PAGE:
Salvatore Ferragamo is one of Italy’s most historical luxury brands, with roots dating back to the 1920s. Founded by Italian immigrant Salvatore Ferragamo, who made a name for himself as a shoemaker in the United States before returning to his native Italy to continue his burgeoning shoe business, the brand is known for its Italian heritage and artisanal craftsmanship.
Settling in beautiful Florence, Italy, Mr. Ferragamo continued to grow his business, earning the nickname “shoemaker to the stars”. Eventually, the Salvatore Ferragamo brand had become a fully-run family business, with his daughter designing a new RTW line and his wife, Wanda, taking charge of the brand following Mr. Ferragmo’s death in 1960. However, it wasn’t until the late 1960s that the brand extended its offerings to include handbags. Though the bags were initially designed to complement the rest of Ferragmo’s offerings, they became increasingly more significant for the brand, becoming coveted items in their own right.
Today, the Ferragmo family is still the company’s main shareholder, remaining at the helm of everything the brand does, and the brand’s storied house codes remain an integral part of modern collections. From the iconic Ferragamo Gancini emblem, which was inspired by the iron gates of Palazzo Spini Feroni in Florence and first used over half a century ago, to the brand’s storied Vara Bow, history remains a big part of the brand’s DNA. But these days, we’ve seen that it is possible for a brand to stay true to its core yet reinvent itself, and recent news of a company shakeup indicates change is on the horizon, and it’s time.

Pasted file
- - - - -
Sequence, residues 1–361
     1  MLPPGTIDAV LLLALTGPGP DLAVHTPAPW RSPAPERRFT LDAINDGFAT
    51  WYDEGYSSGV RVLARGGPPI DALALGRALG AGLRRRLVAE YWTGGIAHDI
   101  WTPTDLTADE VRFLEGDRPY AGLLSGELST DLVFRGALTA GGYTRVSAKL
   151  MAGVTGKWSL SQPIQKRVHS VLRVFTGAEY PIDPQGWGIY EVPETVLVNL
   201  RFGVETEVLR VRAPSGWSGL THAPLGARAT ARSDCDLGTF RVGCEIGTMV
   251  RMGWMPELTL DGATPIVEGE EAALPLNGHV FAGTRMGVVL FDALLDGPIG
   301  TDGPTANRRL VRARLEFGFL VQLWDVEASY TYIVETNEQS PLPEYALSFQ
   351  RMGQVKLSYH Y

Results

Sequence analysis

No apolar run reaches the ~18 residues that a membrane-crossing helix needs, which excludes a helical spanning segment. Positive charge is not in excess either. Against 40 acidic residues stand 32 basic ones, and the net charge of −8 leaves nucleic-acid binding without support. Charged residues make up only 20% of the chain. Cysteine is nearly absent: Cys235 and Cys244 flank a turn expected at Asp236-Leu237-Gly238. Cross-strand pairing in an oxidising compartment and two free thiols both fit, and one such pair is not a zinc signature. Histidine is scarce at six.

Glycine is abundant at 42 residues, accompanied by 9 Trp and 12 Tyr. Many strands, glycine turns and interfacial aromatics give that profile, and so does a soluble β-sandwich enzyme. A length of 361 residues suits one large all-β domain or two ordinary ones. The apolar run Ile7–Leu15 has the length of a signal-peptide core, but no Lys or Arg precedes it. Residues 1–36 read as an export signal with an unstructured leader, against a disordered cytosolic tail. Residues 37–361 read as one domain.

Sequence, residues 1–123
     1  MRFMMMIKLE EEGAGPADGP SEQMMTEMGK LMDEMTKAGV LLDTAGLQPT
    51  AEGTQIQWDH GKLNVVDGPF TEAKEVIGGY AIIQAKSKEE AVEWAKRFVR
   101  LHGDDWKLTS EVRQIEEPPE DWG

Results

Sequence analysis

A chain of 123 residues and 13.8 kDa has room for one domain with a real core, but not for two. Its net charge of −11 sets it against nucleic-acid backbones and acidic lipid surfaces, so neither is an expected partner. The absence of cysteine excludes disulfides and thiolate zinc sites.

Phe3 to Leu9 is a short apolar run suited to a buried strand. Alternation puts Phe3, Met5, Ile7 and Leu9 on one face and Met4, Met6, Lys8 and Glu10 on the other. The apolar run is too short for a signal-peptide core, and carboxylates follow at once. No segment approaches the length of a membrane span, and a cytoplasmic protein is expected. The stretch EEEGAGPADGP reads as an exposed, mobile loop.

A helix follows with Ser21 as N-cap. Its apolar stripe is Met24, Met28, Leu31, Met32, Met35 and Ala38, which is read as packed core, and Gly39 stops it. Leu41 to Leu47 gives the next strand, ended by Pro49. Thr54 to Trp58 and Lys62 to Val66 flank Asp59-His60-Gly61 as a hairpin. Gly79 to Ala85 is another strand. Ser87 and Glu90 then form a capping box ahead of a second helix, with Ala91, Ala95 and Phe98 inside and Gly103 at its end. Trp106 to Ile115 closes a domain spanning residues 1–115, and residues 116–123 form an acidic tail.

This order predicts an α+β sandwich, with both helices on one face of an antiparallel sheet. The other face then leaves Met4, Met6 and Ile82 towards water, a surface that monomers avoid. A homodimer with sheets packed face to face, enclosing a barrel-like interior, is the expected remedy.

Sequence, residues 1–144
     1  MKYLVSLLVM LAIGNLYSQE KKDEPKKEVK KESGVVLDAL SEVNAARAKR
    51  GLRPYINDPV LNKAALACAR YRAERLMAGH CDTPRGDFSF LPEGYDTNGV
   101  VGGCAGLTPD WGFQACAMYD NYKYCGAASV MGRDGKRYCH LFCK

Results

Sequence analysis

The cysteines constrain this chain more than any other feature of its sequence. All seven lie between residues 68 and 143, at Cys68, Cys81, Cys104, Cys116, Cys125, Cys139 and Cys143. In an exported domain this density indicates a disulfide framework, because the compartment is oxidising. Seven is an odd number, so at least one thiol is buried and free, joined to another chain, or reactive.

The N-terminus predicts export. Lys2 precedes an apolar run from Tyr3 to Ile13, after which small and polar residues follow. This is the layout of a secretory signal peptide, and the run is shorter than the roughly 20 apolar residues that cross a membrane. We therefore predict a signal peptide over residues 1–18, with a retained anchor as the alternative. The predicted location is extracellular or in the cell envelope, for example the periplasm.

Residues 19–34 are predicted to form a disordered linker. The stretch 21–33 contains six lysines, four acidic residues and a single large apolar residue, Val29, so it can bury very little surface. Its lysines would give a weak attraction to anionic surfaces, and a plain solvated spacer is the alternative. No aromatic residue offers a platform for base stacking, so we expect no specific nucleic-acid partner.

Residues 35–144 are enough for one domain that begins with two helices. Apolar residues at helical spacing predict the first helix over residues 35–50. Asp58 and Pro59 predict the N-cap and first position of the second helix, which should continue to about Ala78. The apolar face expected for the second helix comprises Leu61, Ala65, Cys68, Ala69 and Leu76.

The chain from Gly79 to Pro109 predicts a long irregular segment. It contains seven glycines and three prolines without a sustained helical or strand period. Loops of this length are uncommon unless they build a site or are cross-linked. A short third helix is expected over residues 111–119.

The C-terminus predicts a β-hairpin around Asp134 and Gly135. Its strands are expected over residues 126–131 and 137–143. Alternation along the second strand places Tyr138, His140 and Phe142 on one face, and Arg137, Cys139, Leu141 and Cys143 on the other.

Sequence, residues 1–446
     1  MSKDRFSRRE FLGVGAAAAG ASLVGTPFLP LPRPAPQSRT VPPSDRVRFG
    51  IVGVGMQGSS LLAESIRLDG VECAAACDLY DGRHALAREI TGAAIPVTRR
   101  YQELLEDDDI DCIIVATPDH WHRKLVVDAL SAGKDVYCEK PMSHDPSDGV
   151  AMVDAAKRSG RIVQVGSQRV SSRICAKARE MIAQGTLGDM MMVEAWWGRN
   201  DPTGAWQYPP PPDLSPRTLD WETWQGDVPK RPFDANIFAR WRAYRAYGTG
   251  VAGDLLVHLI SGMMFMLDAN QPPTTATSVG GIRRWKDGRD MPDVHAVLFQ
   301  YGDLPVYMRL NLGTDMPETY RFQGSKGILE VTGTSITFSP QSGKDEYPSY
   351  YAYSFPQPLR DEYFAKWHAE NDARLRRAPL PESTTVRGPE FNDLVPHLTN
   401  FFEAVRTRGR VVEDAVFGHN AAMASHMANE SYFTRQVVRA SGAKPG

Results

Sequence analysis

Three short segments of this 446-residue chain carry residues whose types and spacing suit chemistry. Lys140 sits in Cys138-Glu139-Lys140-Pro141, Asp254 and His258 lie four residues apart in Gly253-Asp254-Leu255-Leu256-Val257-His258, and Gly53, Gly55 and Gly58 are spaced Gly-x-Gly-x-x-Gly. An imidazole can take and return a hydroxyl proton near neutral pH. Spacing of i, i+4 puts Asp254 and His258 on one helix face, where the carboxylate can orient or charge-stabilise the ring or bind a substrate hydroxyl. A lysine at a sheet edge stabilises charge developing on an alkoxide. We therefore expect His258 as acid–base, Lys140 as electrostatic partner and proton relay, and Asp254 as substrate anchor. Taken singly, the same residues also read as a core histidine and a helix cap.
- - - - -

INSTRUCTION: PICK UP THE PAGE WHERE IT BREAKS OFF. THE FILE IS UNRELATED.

The Time to Change is Now
In March of this year, it was announced that creative director Paul Andrew would be departing the brand after five years. Andrew officially left his post in May, and a successor has yet to be announced. The current design role has since been taken over by existing in-house teams, leaving the future of the Ferragmo brand a mystery, for now.
While news of the departure was speculated earlier in the year, following a tough financial year in 2020 due to the pandemic, the announcement came amidst even more rumors surrounding a shakeup of the company’s board. As fashion moves away from traditional marketing instead now focusing on the generation that’s grown up in the digital age, many brands have struggled to find their footing, and for me, Ferragmo is one of them.
Despite its rich history, attention to detail, and solid offerings, the brand seems to struggle to find its niche, and modernization of sorts would be extremely beneficial in creating a broader consumer interest. With a heritage brand with a name like Ferragamo and a distinction for its quality and craftsmanship, the right changemaker could make all the difference in reviving the brand, whose offerings are solid but somehow still miss the mark, falling short of standing out amongst a vast sea of competitors. Only time will tell what’s next for Ferragamo, but with the right next steps, the possibilities are endless.